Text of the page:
Knight in line for Derbyshire
Further evidence, if it was needed, of the potential of our young talent was supplied by Tom Knight in the second team T20 matches against Durham today.Keeping in mind that the visitors included the likes of Ben Stokes and Gareth Breese in their side, ...
Further evidence, if it was needed, of the potential of our young talent was supplied by Tom Knight in the second team T20 matches against Durham today.
Keeping in mind that the visitors included the likes of Ben Stokes and Gareth Breese in their side, our young eleven did very well to come out of the two games with honours even.
In the first, a fine all-round effort by England man Stokes saw Durham to a win, despite a fine spell of 3-17 in four overs by David Wainwright and a top score of 33 by Ticknall's Tom Wood.
The second game produced sensational cricket, with Durham posting what appeared an unassailable 205-6 in twenty overs.
It would have been, except for an extraordinary innings from Tom Knight (pictured), who opened the batting and saw the team to victory with a brilliant, unbeaten 99 from just 54 balls, with seven fours and seven sixes. He was well supported by trialist Pete Drysdale, a New Zealander who played with great success for Spondon last year before joining Scholes in the Huddersfield League for this summer. Drysdale contributed 57 from 31 balls before Greg Cork came in and saw the team to stunning seven wicket win with seven balls to spare, finishing the game with a six. That is a serious run chase...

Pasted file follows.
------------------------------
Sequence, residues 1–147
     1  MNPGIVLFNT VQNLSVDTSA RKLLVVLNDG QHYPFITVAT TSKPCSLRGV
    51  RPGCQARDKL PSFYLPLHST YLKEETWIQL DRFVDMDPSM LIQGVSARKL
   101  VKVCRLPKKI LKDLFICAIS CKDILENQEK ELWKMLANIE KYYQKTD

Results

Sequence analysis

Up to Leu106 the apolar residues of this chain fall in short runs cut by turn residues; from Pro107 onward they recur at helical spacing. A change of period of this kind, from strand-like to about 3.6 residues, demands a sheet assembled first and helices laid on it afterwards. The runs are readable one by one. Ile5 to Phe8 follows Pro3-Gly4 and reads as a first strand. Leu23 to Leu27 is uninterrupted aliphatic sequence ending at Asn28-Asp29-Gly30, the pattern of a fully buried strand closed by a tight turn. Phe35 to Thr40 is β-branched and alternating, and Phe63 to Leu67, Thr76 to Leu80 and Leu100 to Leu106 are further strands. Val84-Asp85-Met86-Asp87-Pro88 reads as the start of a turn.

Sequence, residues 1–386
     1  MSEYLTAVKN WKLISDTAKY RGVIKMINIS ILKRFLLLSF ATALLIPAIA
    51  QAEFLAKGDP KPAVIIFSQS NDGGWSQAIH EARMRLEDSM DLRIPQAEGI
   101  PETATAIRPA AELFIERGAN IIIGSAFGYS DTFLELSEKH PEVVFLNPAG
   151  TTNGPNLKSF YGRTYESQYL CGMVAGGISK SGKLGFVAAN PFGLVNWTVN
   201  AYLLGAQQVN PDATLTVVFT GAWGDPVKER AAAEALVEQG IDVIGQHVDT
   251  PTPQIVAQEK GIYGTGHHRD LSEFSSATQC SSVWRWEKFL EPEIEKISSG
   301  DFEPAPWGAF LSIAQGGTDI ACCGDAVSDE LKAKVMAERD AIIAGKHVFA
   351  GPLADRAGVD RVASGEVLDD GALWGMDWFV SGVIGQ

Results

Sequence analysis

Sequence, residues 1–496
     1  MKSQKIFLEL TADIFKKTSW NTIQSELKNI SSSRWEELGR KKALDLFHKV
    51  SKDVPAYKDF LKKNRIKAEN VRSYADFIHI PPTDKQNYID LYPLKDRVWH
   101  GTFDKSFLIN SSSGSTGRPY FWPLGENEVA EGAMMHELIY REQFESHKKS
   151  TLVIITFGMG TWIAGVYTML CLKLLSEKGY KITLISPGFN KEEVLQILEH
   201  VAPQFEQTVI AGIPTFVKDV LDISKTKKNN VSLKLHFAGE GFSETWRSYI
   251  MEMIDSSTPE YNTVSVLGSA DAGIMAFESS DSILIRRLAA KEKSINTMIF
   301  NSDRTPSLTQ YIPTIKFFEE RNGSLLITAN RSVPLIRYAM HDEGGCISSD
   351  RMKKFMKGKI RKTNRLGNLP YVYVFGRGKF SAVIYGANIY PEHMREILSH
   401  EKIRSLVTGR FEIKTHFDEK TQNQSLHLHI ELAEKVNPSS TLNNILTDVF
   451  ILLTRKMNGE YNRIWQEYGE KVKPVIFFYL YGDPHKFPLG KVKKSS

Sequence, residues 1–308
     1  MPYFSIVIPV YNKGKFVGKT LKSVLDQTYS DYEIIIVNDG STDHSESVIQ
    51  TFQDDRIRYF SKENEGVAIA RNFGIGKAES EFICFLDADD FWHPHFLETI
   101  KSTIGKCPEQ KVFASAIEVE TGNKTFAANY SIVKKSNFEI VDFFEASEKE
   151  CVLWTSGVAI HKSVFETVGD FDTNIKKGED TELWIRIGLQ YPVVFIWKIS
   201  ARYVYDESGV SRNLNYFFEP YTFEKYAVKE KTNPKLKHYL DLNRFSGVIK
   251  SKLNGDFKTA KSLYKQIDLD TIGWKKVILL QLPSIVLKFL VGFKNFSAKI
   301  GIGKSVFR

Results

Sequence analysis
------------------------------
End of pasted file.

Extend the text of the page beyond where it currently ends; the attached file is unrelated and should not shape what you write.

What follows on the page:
Some may find it hard to believe the difference in Knight, a lad who made his senior debut while still at school. There was criticism of his weight and fielding from some quarters, realistically from people who should have known better. How many schoolboys expect to be playing county cricket and are fit enough to do so? Likewise, it is unrealistic to expect such lads to field with the intensity of full-time professionals. Meanwhile, Knight's batting was competent, at best.
His bowling has always looked the part, however, from his debut against Nottinghamshire at Trent Bridge in the T20 of 2011, when he looked not at all fazed by the big occasion. He is still only 20 but his all-round game has improved immeasurably in the intervening period, now as lean as the proverbial butcher's dog and someone who fields impressively. His bowling action is in the process of being re-modeled and during one of the lunchtimes in the recent Hampshire game he was being filmed and watched by Ant Botha, the spin bowling coach.
If this work results in a more 'grooved' action and enables the bowler to get more control and purchase, there will be no complaints, but it is his batting that has made people sit up. There were several examples of successful pinch-hitting on his trip to Australia a couple of winters back and he has contributed steady runs at all levels since this summer began.
He will be well aware that modern cricket offers less opportunities for a specialist like Panesar or Tufnell. More to the point, he will be aware that his quest for the lead spinner role at Derbyshire depends on his out-bowling David Wainwright, while being able to contribute a similar quantity of runs.
I think Knight will enjoy senior opportunities this summer while his new actions 'beds in' but will push strongly to be lead spinner from next year. By that stage I don't expect there to be much between the two left-armers and the performance money for a home-reared talent will be a persuasive argument for Knight gaining prominence.
I'm convinced we'll see one of the left-armers in the side on Friday night, probably in the place of the absent Shivnarine Chanderpaul. Neither will let us down, but it is patently clear that Knight's cause cannot be ignored for much longer.